Sustainable Livelihoods Program:
Knowledge, Talent, & Financial Prosperity
From its earliest days, Ibutwa has sought to meet the needs of our participants based on the priorities they have identified. As survivors of traumatic sexual violence - many of whom have also experienced additional social, economic and emotional traumas from their experience - they have pointed us to urgent needs in three areas: medical treatment; provision of school fees for their children; and support for the development of their own small businesses and economic activities. It is the third of these priorities that has formed our current Sustainable Livelihood Program.
The success of Sustainable Livelihoods Program aids in the future expansion of Ibutwa's client base; Ibutwa's original participants are now financially independent. We strive to discover activities for the sustainable livelihoods of our participants that best fit their circumstances and personal interests. From pig raising to tailoring programs, Ibutwa has experimented with livelihood programs we hope to replicate and expand.
Our bakery project was inspired and cultivated by Ibutwa participant Ms. Wabiwa Wakusomba. As a small business entrepreneur, Wabiwa is responsible for buying wheat, flour, sugar, and charcoal to power her bakery that generates her own income and feeds locals. Ms. Wabiwa has successfully converted the start-up funding and microfinance business training provided by Ibutwa into a thriving business.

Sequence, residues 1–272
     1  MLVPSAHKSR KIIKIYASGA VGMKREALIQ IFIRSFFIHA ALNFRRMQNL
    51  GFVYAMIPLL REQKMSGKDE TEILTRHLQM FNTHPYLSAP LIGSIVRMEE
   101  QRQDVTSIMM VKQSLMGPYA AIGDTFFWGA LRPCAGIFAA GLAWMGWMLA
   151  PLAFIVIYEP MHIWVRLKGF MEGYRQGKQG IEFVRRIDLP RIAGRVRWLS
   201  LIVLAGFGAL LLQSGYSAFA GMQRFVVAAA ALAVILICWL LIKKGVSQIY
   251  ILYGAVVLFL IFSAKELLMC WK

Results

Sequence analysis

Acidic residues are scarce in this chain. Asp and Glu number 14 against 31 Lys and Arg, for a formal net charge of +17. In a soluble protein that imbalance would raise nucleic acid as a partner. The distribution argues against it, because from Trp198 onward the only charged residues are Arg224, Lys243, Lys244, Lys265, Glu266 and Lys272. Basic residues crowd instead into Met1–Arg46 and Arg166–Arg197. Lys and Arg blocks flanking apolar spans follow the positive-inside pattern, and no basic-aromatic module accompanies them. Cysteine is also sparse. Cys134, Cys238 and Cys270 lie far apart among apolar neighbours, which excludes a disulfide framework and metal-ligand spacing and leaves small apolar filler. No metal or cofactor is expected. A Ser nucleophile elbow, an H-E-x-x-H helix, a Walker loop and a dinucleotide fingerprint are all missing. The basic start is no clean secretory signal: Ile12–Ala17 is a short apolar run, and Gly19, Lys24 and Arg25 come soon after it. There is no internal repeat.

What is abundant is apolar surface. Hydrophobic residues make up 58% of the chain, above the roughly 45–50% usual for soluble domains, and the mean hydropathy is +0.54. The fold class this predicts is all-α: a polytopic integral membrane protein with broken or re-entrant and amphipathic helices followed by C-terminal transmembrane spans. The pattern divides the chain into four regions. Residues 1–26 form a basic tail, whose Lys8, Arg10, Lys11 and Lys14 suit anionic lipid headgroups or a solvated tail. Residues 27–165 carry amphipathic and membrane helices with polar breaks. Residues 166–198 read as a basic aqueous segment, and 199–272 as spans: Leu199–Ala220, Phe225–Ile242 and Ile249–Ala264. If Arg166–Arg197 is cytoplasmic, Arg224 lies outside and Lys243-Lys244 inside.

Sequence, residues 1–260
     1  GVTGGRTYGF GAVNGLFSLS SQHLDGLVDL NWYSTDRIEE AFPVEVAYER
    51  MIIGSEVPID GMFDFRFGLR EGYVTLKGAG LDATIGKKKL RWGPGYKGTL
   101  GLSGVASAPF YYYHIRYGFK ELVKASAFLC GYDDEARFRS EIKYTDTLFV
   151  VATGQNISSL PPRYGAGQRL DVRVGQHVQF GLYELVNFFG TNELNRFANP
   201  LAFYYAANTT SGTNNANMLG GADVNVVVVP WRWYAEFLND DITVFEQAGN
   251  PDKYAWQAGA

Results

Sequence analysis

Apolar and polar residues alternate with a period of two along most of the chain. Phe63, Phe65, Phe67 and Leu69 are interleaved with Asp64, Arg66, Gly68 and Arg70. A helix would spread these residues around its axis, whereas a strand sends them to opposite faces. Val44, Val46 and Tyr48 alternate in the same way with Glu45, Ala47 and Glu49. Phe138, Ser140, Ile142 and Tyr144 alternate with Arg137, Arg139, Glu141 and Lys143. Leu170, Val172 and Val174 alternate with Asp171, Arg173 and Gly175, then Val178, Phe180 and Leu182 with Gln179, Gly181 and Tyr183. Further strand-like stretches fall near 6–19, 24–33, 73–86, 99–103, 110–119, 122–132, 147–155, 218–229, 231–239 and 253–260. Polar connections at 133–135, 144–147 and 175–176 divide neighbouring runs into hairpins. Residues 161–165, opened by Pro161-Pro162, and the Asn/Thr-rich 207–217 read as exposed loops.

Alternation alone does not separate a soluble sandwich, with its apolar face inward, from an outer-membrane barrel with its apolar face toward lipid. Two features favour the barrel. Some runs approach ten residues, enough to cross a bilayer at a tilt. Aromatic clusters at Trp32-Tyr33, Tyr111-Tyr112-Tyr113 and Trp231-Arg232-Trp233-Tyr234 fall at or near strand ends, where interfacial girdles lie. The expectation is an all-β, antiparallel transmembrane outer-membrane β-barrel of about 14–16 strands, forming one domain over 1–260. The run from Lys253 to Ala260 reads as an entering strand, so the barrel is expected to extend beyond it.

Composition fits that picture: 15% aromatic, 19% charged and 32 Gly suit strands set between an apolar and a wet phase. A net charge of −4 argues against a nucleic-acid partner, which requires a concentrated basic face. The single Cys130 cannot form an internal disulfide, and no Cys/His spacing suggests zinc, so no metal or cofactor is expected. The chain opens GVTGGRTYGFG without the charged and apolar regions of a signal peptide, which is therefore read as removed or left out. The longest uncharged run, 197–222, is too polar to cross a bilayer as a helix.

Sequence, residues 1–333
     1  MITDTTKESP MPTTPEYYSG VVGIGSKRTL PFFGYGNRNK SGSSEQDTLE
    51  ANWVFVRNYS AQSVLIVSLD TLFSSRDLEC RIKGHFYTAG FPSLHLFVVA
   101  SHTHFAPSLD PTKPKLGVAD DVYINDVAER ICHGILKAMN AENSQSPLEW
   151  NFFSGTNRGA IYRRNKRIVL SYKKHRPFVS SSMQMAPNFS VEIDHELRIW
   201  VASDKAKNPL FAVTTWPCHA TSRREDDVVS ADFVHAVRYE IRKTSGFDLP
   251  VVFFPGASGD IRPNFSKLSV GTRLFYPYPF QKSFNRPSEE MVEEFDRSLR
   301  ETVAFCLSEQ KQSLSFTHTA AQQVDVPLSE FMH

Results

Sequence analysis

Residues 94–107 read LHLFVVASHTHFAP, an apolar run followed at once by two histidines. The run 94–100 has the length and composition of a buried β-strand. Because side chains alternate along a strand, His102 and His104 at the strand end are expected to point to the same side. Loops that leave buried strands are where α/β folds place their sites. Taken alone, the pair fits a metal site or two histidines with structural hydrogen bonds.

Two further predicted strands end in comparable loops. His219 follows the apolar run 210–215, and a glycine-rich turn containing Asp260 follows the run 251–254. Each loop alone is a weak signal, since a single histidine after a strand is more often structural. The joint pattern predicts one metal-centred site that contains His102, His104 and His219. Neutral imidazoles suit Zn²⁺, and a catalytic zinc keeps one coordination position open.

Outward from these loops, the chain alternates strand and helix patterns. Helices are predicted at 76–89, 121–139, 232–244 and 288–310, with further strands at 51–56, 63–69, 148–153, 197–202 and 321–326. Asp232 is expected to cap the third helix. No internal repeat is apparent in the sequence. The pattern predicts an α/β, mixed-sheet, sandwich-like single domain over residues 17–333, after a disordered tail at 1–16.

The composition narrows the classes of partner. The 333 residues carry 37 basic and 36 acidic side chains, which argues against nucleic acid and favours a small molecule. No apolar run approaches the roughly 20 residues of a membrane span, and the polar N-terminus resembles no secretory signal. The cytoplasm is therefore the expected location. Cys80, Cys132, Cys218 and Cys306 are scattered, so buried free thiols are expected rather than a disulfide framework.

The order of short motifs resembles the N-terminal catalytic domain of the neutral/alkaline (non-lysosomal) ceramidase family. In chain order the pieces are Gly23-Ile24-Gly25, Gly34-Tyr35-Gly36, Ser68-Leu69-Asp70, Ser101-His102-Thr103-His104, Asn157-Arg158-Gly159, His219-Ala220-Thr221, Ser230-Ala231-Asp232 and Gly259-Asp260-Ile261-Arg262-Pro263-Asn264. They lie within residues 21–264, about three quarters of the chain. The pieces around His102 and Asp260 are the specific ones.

Together, Wabiwa and Ibutwa have demonstrated resilience in the face of difficult circumstances. When floods washed away Wabiwa’s original bakery in late 2016, Ibutwa provided emergency funding for her to rebuild. Given Wabiwa’s excellent success, Ibutwa is now seeking donations to provide funding for expansion so that Wabiwa can share her success through employment opportunities to other Ibutwa participants.
A second project, which has been both a financial and community success, is our community garden. Ibutwa purchased two acres of land in Kamonyola in 2015 to be farmed by four participants. The participants used the produce they raised to feed their families.
Although the same rains that devastated Wabiwa’s bakery damaged crops last year, a succesful crop is anticipated for this coming seasons. Participants have requested an expansion of crops, with a specific request to buy an additional five acres of land adjacent to the two acres already under cultivation. More land would allow for new program participants and an increase in the income generating capacity of current participant.